The majority of parents polled believe vaccines have the same benefits as a year ago and think the safety of vaccines has stayed the same. A minority of parents also had less favorable views on vaccines, with 7 percent perceiving less safety, 5 percent perceiving fewer benefits and 6 percent saying they were less supportive of school and daycare entry requirements that the previous year.

"Outbreaks of disease can safely be prevented through childhood vaccination, but there are deeply-held convictions about parents' autonomy and remaining concerns among some parents about vaccine safety," says Davis, who is also with the U-M School of Public Health, Gerald R. Ford School of Public Policy, and deputy director for U-M's Institute for Healthcare Policy and Innovation.

"Media coverage of outbreaks over the past year, accompanied by messages about vaccines for whooping cough and measles, may be swaying parents' opinions toward stronger beliefs in the positive aspects of vaccines. The impact of such shifts in perception will ultimately be measured by whether more parents vaccinate their kids."

Contacts and sources:
Beata Mostafavi
University of Michigan Health System

Autonomous Taxis Could Deliver Significant Environmental and Economic Benefits

Imagine a fleet of driverless taxis roaming your city, ready to pick you up and take you to your destination at a moment's notice. While this may seem fantastical, it may be only a matter of time before it becomes reality. And according to a new study from Lawrence Berkeley National Laboratory (Berkeley Lab), such a system would both be cost-effective and greatly reduce per-mile emissions of greenhouse gases.

Berkeley Lab researchers Jeff Greenblatt (left) and Samveg Saxena.

Credit:  Berkeley Lab  

The analysis found that the per-mile greenhouse gas emissions of an electric vehicle deployed as a self-driving, or autonomous, taxi in 2030 would be 63 to 82 percent lower than a projected 2030 hybrid vehicle driven as a privately owned car and 90 percent lower than a 2014 gasoline-powered private vehicle. Almost half of the savings is attributable to "right-sizing," where the size of the taxi deployed is tailored to each trip's occupancy needs.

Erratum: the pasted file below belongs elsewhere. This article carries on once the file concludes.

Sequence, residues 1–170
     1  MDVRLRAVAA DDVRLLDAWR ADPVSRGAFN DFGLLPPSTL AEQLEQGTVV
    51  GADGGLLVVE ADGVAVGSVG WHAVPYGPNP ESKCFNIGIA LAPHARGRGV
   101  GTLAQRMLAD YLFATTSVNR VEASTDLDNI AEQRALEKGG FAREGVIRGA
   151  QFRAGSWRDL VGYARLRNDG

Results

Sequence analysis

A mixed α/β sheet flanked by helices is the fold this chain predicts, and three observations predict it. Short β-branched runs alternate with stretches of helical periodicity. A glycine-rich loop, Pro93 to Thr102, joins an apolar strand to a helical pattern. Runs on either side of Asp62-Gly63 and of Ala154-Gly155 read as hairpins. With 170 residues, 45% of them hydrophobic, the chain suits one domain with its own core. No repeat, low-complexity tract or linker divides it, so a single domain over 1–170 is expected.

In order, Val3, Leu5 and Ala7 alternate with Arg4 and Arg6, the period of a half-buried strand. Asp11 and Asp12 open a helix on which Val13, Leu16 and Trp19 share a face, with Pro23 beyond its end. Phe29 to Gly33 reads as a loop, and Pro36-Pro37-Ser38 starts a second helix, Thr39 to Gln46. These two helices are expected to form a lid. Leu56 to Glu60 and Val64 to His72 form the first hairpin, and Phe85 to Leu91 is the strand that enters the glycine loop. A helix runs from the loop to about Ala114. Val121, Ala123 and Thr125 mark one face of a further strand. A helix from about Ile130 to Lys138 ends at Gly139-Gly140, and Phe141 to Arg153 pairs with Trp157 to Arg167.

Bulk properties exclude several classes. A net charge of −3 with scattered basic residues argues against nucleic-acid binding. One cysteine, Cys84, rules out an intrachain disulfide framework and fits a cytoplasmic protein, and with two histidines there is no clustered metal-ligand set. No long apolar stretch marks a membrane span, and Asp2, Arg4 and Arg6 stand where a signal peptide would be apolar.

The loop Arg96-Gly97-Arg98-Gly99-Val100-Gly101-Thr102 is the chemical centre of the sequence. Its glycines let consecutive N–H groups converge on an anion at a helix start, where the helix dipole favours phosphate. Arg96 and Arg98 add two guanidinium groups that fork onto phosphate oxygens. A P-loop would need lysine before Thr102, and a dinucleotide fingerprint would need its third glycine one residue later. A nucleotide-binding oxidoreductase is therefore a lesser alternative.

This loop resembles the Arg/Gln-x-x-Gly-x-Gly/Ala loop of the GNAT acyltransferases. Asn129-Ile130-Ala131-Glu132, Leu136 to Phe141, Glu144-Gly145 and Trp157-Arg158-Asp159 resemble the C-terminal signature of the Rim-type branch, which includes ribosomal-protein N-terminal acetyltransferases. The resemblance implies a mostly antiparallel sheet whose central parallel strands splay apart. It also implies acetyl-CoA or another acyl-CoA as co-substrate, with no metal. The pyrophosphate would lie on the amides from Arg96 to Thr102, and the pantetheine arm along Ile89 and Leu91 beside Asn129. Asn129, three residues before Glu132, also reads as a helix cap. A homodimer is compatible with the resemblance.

The results were published online today by Nature Climate Change in an article titled, "Autonomous taxis could greatly reduce greenhouse gas emissions of U.S. light-duty vehicles," co-authored by Berkeley Lab scientists Jeffery Greenblatt and Samveg Saxena.

"When we first started looking at autonomous vehicles, we found that, of all the variables we could consider, the use of autonomous vehicles as part of a shared transit system seemed to be the biggest lever that pointed to lower energy use per mile," said Greenblatt.

Many automakers and other companies are working on autonomous cars. Right-sizing is cost-effective for both the fleet owner and for passengers, and small one- and two-seat vehicles are being explored by researchers and companies. To illustrate the concept, consider a single passenger with no luggage versus a party of four passengers with suitcases. The single passenger would require a much smaller taxi than the party of four, saving money for vehicle owners and passengers. Right-sizing, of course, assumes a fleet of taxis managed by a single entity.

"Most trips in the U.S. are taken singly, meaning one- or two-seat cars would satisfy most trips," Greenblatt said. "That gives us a factor of two savings, since smaller vehicles means reduced energy use and greenhouse gas emissions."

Another factor contributing to lower emissions for autonomous taxis is a cleaner electric grid. By 2030 power plants are expected to be using more renewable energy and emitting less pollution, meaning the greenhouse gas intensity of electricity will be lower.

Self-driving cars have additional efficiencies that have been covered in other research, such as the ability to drive closely behind other autonomous cars to reduce wind resistance ("platooning"), optimally routing trips, and smoother acceleration and braking. "These are all incremental, but they do add up," Greenblatt said. "However, we didn't even include these effects in our baseline results, and we still get huge savings without them."

The researchers also conducted an economic analysis to determine how cost-effective autonomous taxis would be. At 12,000 miles per year, the average distance traveled in the U.S. for privately owned cars, electric vehicles in 2030 are still expected to be more expensive than owning and operating a gasoline-powered car, the study found.

But if the vehicle is driven 40,000 to 70,000 miles per year, typical for U.S. taxis, they found that an alternative-fuel vehicle (hydrogen fuel cell or electric battery) was the most cost-effective option. This was based on costs for maintenance, fuel, insurance, and the actual cost of the vehicle (assuming a five-year loan). The reason is that despite the higher cost of a more efficient vehicle, the per-mile cost of fuel is lower, so the savings can pay for the extra investment.

"You don't often find that, where the cheapest is also the greenest," Greenblatt said.

While autonomous technology is currently estimated to add as much as $150,000 to the cost of a vehicle, an autonomous taxi using today's technology would still be cheaper than an ordinary taxi not simply due to its greater energy efficiency, but also due to the fact that no operator would be required. By 2030, autonomous taxis could be far cheaper than their driven counterparts.